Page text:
By Barry Maher
To me, the strategy Never Settle for Success means that your ultimate goal has no number attached to it. Your ultimate goal and your short, medium and long term goals all become essentially the same—to simply see how well you can perform if you perform as well as you possibly can; to utilize every ounce of talent you can muster in every applicable situation, each day, each week, each month. And after each significant interaction, you evaluate yourself to fine-tune your course.
So you don’t slack off when you’re surpassing goals, so you don’t give up when you’re falling far behind.
“In college, I was a B and C student,” a successful senior manager says, “until one semester I got irritated by a couple of the professors and busted my butt to become an A and B student. From that point on—once I realized what I could do—I was an A student. Likewise as a manager, I was always just a bit above average. Then I got passed over for a promotion I should have received. They gave it to a guy I could out-manage from a coma. So I busted my butt to give them numbers they couldn’t ignore. I became one of the top managers in the region. But after that—after I realized I could do it—I became the top manager.”
He adds, “I work more intensely now. But surprisingly enough after the initial learning curve, it doesn’t take that much more time to be the best than it took to be average.”
We all know we can do more. We all know we can do better. But too frequently we settle for less. “There is more in us than we know,” Kurt Hahn, the founder of Outward Bound, said. “If we can be made to see it, perhaps, for the rest of our lives, we will be unwilling to settle for less.”
Never Settling for Success is about being unwilling to settle for less.
Great leadership is about showing your people that there is more in them than they know—so they’ll be unwilling to settle for less.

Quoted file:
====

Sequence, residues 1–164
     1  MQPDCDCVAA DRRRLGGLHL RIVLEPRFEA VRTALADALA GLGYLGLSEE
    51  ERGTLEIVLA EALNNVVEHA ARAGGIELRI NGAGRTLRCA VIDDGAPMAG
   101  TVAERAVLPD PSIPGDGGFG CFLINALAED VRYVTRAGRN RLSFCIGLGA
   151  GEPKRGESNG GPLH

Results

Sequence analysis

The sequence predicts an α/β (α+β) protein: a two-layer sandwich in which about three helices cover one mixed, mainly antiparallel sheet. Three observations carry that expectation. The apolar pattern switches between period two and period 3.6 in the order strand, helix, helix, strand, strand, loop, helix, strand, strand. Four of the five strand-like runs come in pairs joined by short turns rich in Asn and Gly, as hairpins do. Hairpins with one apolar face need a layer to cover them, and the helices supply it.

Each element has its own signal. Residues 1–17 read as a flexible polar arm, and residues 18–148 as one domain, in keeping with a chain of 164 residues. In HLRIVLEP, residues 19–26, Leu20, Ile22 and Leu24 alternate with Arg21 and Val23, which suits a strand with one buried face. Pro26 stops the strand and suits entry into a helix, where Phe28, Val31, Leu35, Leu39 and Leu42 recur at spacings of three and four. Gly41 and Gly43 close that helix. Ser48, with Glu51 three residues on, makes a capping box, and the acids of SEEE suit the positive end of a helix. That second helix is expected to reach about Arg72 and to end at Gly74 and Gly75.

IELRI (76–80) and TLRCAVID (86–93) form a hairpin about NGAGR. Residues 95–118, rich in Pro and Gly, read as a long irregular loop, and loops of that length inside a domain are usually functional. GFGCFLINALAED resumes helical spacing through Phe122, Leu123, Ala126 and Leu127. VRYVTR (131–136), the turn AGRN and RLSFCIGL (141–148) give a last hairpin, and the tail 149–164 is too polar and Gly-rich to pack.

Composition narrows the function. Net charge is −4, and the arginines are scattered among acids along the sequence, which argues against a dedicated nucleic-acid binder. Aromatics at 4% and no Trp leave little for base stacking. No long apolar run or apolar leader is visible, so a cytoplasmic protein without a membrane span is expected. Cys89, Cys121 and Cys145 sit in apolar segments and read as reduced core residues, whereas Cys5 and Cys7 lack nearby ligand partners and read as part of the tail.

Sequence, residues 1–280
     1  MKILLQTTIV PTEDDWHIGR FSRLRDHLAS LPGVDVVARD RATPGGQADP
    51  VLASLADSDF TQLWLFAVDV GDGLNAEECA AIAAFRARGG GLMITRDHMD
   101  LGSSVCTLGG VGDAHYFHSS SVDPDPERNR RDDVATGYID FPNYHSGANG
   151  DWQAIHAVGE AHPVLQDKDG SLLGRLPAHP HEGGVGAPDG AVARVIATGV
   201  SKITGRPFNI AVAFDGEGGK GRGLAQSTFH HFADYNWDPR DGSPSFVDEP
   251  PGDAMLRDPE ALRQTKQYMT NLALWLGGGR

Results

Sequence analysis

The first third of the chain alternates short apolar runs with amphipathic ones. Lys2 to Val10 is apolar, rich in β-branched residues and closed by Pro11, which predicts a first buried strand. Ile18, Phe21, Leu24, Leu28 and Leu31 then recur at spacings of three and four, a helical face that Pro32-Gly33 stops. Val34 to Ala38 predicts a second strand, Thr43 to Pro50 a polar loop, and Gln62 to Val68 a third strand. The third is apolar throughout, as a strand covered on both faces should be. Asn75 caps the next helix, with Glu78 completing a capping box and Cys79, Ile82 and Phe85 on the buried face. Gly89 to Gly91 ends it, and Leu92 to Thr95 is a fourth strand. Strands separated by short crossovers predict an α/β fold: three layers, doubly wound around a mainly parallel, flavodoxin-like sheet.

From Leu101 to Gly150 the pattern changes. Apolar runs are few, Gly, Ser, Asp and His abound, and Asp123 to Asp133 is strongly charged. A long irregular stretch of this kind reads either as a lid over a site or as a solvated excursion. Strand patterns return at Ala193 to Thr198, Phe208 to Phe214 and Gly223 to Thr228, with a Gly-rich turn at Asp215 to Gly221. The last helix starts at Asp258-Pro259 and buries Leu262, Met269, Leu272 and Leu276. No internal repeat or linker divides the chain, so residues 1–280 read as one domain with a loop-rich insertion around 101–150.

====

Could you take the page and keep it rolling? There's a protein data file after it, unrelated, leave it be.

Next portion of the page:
Great leadership is also about helping your people to overcome the fear of failure, the fear of giving their best and proving to themselves, to you their boss, and to those around them that they do not have the potential they all want to believe they have.
Of course, you can’t help your people overcome their fear of failure unless you first overcome your own. If you’re afraid of failure your people will be afraid.
Pollyanna positive thinkers will tell you that you can do whatever you think you can, that you have no limits. And that can work, until you run head first into one of those limits and crash and burn.
You have limits. I have limits. We are human beings, we are limited, we are fallible. That’s reality. Never mind the pat little bromides that try to convince us otherwise.
Here’s my pat little bromide. You can do far more than you think you can. You have limits but they’re expanding limits, and running up against those limits can be the best practice for expanding them in the future. In all likelihood you’ve never pushed those limits anywhere near as far as they can be pushed. Most of the time, we’re stopped by the limits we impose on ourselves long before we’d ever be stopped by the limits imposed by reality.
I don’t know what your potential is. If you don’t know either, maybe it’s time you should try to find out. With the possible exception of daytime TV, potential is the most useless thing on the planet—if it remains only potential.
By any standard, one of the most successful people this country ever produced was Ben Franklin. Every night before sleeping—and not just on those rare nights when he was sleeping alone (because he was very successful at that, too)—Franklin would review his entire day. He’d evaluate everything he’d done and try to puzzle out how he could have done it better.
Philosopher, scientist, inventor, diplomat, revolutionary, publisher, cabinet member, Franklin’s bad days were probably more successful than most of our best ones. Because success was never good enough for Ben Franklin. “Success,” he said, “has ruined many a man.”
The truly successful, in any field, never settle for success.